2 Owners of TMI Fund Dispute Suit’s Allegations : Investing: They respond in detail to fraud accusations, calling them untrue.
The owners of Teachers Management & Investment Corp., the Newport Beach investment company accused in a civil lawsuit of fraudulently losing as much as $100 million it had raised from California teachers, said Sunday that they inherited most of their troubled company’s problems and are doing their best to steer the real estate syndicate out of one of California’s worst recessions.
In an interview with The Times, the two men responded in detail to the suit filed Aug. 22 against them and their company. James R. Martin, 55, and Maurice Shuman, 56, both of Newport Beach said the suit’s allegations that they lost $100 million of clients’ retirement money through fraud and racketeering are simply untrue.
TMI, a 26-year-old fund marketed by teachers for teachers across the state, is insolvent, according to the suit filed in Orange County Superior Court by four investors. The suit seeks immediate appointment of a receiver to take over management of the company and whatever assets are left.
But Martin and Shuman insisted that their company is not insolvent. Rather, they said, TMI is profitable, though it is struggling to overcome not only the real estate downturn but also what the two men characterized as poor investment decisions made by the company’s former owners.
Although company officials admit TMI’s partnerships may have lost $100 million of value, they claim it is not because of any fraud but rather because of the real estate downturn. They also say the real estate partnerships only raised about $500 million, rather than the $1 billion claimed in the suit.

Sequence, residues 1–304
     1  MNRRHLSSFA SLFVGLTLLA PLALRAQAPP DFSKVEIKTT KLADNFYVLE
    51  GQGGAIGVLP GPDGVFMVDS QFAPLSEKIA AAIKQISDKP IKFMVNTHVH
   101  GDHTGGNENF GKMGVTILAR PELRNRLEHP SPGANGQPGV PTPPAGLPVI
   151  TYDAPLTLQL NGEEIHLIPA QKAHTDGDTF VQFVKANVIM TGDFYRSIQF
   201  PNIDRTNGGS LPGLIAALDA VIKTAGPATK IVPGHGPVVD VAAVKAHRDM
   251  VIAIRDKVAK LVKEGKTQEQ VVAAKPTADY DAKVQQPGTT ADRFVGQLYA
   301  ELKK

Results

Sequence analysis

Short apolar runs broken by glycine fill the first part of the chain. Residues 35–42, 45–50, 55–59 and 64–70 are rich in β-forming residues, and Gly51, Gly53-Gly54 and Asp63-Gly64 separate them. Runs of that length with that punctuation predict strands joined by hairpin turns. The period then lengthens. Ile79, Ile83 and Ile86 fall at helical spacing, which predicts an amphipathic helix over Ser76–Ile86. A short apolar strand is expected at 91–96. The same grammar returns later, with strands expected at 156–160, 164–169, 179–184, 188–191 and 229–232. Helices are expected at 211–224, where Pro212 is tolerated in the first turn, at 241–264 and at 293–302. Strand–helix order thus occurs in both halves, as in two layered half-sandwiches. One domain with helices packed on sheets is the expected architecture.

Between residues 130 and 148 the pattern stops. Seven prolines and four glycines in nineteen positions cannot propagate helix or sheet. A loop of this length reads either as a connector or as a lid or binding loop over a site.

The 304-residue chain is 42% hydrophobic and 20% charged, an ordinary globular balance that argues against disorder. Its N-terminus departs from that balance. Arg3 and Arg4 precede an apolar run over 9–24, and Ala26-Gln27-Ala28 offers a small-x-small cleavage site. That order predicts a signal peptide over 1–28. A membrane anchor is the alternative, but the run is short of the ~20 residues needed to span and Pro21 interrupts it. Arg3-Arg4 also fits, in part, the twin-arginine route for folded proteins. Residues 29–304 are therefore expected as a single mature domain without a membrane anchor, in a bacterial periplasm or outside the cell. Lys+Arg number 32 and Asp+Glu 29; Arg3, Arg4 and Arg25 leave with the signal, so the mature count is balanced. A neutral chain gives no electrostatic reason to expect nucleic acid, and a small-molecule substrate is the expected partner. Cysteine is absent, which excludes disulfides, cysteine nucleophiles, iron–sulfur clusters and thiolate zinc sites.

Privately owned TMI was formed in 1968 by a group of educators and real estate specialists as a vehicle for teachers and school administrators to sweeten their retirement pots. Over the years, TMI has, through its limited partnerships, owned a number of commercial properties, including hotels in Northern California, office developments and the Parducci Winery lands in Mendicino County, and thousands of acres of undeveloped land.
When the California real estate market was booming during the 1970s and ‘80s, TMI investors often saw annual returns of more than 30%. When the market skidded in the late 1980s, those handsome returns ended.
In an interview at TMI’s Newport Beach headquarters, Martin maintained that TMI’s “heart is with the teachers.” He and Shuman also answered specific questions about the company’s history and current status.
Question: Is $100 million of investors’ funds missing?
Answer: (Martin) Absolutely not. I think those kinds of statements are completely irresponsible.
Q: Is TMI about to file for bankruptcy?
A: (Martin) We are profitable. I cannot release the numbers. But we have absolutely no plans to file bankruptcy.
Q: The suit alleges that there was fraud at your company--an “undisclosed pattern of self-dealing"--that the management was siphoning off millions of dollars of investors’ funds to affiliated companies that you controlled. How do you respond?
A: (Martin) I want you to remember one thing: All these partnerships were audited by (KPMG) Peat Marwick. It’s pretty simple to follow the dollars here. This is not a maze. Every dollar we get is specifically set out in footnotes in the partnership reports, so every partner knows where the dollars went--whether it’s to TMI or an affiliate. There are no secrets. There is no hiding anything. It’s just a ludicrous statement that anyone is hiding anything. Now, you could argue over whether it was proper or not.